In contrast, agile methods seem to favor a much more nimble and iterative approach to software development with a high focus on working software over other artifacts, such as documentation. Most teams these days claim to practice some form of iterative software development. However, with this obsession to claim conformance to a specific family of agile methodologies as opposed to the underlying principles, a lot of teams misconstrue having just enough architecture with having no perceptible architecture. This results in a situation where adding new features or enhancing existing ones takes a lot longer than what it previously used to—which then accelerates the devolution of the solution to become the dreaded big ball of mud (

Excessive incidental complexity

Mike Cohn popularized the notion of the test pyramid, where he talks about how a large number of unit tests should form the foundation of a sound testing strategy—with numbers decreasing significantly as you move up the pyramid. The rationale here is that as you move up the pyramid, the cost of upkeep goes up copiously while the speed of execution slows down manifold. In reality, though, a lot of teams seem to adopt a strategy that is the exact opposite of this—known as the testing ice cream cone, as depicted here:

Figure 1.2 – Testing strategy: expectation versus reality

Figure 1.2 – Testing strategy: expectation versus reality

The testing ice cream cone is a classic case of what Fred Brooks calls incidental complexity in his seminal paper titled No Silver Bullet—Essence and Accident in Software Engineering ( All software has some amount of essential complexity that is inherent to the problem being solved. This is especially true when creating solutions for non-trivial problems. However, incidental or accidental complexity is not directly attributable to the problem itself—but is caused by the limitations of the people involved, their skill levels, the tools, and/or abstractions being used. Not keeping tabs on incidental complexity causes teams to veer away from focusing on the real problems, solving which provide the most value. It naturally follows that such teams minimize their odds of success appreciably.

Uncontrolled technical debt

Financial debt is the act of borrowing money from an outside party to quickly finance the operations of a business—with the promise to repay the principal plus the agreed-upon rate of interest in a timely manner. Under the right circumstances, this can accelerate the growth of a business considerably while allowing the owner to retain ownership, reduced taxes, and lower interest rates. On the other hand, the inability to pay back this debt on time can adversely affect credit rating, result in higher interest rates, cash flow difficulties, and other restrictions.

Technical debt is what results when development teams take arguably suboptimal actions to expedite the delivery of a set of features or projects. For a period of time, just like borrowed money allows you to do things sooner than you could otherwise, technical debt can result in short-term speed. In the long term, however, software teams will have to dedicate a lot more time and effort toward simply managing complexity as opposed to thinking about producing architecturally sound solutions. This can result in a vicious negative cycle, as illustrated in the following diagram:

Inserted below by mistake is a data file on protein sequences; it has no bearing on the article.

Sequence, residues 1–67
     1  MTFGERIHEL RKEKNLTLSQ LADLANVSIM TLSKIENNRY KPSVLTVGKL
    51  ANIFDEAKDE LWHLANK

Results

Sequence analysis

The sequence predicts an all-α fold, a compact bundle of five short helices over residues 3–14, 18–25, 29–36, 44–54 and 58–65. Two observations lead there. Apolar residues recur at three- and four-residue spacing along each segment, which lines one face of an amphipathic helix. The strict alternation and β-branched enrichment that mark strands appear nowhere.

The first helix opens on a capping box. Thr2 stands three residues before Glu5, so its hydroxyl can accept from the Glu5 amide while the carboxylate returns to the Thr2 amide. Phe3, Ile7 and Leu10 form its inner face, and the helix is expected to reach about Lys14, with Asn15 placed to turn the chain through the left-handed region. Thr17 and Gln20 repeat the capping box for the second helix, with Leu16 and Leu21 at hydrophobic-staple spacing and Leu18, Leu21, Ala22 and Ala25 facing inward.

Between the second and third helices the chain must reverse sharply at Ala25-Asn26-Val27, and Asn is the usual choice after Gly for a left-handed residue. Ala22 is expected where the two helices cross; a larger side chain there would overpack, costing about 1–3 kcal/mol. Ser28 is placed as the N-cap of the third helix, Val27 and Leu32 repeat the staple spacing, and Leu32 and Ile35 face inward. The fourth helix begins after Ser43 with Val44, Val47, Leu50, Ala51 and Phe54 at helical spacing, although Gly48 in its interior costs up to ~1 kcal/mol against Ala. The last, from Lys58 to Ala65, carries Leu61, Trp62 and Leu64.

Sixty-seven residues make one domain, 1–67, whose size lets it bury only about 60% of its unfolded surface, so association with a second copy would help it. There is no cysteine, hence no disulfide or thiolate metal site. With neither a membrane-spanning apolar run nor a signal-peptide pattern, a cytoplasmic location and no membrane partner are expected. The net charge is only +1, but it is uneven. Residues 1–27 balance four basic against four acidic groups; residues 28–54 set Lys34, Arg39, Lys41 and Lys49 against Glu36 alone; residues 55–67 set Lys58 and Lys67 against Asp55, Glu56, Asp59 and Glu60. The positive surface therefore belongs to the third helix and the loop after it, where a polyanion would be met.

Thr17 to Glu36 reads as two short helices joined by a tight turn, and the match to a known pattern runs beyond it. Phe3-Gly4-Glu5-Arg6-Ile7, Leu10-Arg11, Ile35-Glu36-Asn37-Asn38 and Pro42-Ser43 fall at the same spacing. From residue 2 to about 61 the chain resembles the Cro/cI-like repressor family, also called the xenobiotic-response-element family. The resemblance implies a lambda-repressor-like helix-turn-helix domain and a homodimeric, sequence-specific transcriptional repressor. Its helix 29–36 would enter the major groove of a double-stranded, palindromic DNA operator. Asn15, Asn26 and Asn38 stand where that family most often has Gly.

Figure 1.3 – Technical debt: implications

Figure 1.3 – Technical debt: implications

In a recent McKinsey survey ( sent out to CIOs, around 60% reported that the amount of technical debt increased over the past 3 years. At the same time, over 90% of CIOs allocated less than a fifth of their tech budget toward paying it off. Martin Fowler explores ( the deep correlation between high software quality (or the lack thereof) and the ability to enhance software predictably. While carrying a certain amount of technical debt is inevitable and part of doing business, not having a plan to systematically pay off this debt can have significantly detrimental effects on team productivity and the ability to deliver value.

Ignoring non-functional requirements

Stakeholders often want software teams to spend the majority (if not all) of their time working on features that provide enhanced functionality. This is understandable given that such features provide the highest ROI. These features are called functional requirements.

Non-functional requirements (also sometimes known as cross-functional requirements), on the other hand, are those aspects of the system that do not affect functionality directly but have a profound effect on the efficacy of those using and maintaining these systems. There are many kinds of NFRs. A partial list of common NFRs is depicted in the following figure:

Figure 1.4 – NFRs

Figure 1.4 – NFRs

Very rarely do users explicitly request NFRs, but they almost always expect these features to be part of any system they use. Oftentimes, systems may continue to function without NFRs being met, but not without having an adverse impact on the quality of the user experience. For example, the home page of a website that loads in under 1 second under low load and takes upward of 30 seconds under higher loads may not be usable during those times of stress. Needless to say, not treating NFRs with the same amount of rigor as explicit, value-adding functional features can lead to unusable systems—and subsequently failure.

In this section, we examined some common reasons why software projects to fail. Is it possible to improve our odds? Before we do that, let’s look at the nature of modern software systems and how we can deal with the ensuing complexity.